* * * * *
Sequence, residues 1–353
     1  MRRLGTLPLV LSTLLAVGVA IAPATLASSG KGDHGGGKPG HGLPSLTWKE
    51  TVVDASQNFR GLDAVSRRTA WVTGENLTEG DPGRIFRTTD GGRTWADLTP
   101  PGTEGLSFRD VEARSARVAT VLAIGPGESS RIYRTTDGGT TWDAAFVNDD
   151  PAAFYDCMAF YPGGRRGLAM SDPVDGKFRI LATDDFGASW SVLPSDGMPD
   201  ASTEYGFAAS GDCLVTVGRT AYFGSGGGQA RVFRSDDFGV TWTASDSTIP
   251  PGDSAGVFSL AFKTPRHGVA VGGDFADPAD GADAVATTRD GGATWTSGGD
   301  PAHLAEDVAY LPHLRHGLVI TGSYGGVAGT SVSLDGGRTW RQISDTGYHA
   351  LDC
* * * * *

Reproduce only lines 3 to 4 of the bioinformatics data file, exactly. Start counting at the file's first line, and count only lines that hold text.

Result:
    51  TVVDASQNFR GLDAVSRRTA WVTGENLTEG DPGRIFRTTD GGRTWADLTP
   101  PGTEGLSFRD VEARSARVAT VLAIGPGESS RIYRTTDGGT TWDAAFVNDD